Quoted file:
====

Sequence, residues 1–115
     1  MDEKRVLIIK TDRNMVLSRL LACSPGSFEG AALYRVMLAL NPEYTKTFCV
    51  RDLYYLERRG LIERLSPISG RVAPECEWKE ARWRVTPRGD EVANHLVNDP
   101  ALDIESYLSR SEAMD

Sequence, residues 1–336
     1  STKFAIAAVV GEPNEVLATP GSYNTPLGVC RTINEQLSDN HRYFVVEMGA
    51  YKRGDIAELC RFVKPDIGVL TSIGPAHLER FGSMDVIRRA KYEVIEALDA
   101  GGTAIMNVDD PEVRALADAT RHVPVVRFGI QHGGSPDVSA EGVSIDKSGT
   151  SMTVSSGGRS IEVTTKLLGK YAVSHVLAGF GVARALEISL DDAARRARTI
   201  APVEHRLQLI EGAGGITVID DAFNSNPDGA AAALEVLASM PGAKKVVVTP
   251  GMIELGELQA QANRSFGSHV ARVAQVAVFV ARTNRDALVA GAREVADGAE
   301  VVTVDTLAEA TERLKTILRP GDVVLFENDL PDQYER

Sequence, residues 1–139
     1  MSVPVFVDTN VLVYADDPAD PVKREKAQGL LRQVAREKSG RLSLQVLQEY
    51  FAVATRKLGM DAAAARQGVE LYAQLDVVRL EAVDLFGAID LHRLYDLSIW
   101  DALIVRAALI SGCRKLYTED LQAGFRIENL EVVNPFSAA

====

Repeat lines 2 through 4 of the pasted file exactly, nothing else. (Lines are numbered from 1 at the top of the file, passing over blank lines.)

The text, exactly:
     1  MDEKRVLIIK TDRNMVLSRL LACSPGSFEG AALYRVMLAL NPEYTKTFCV
    51  RDLYYLERRG LIERLSPISG RVAPECEWKE ARWRVTPRGD EVANHLVNDP
   101  ALDIESYLSR SEAMD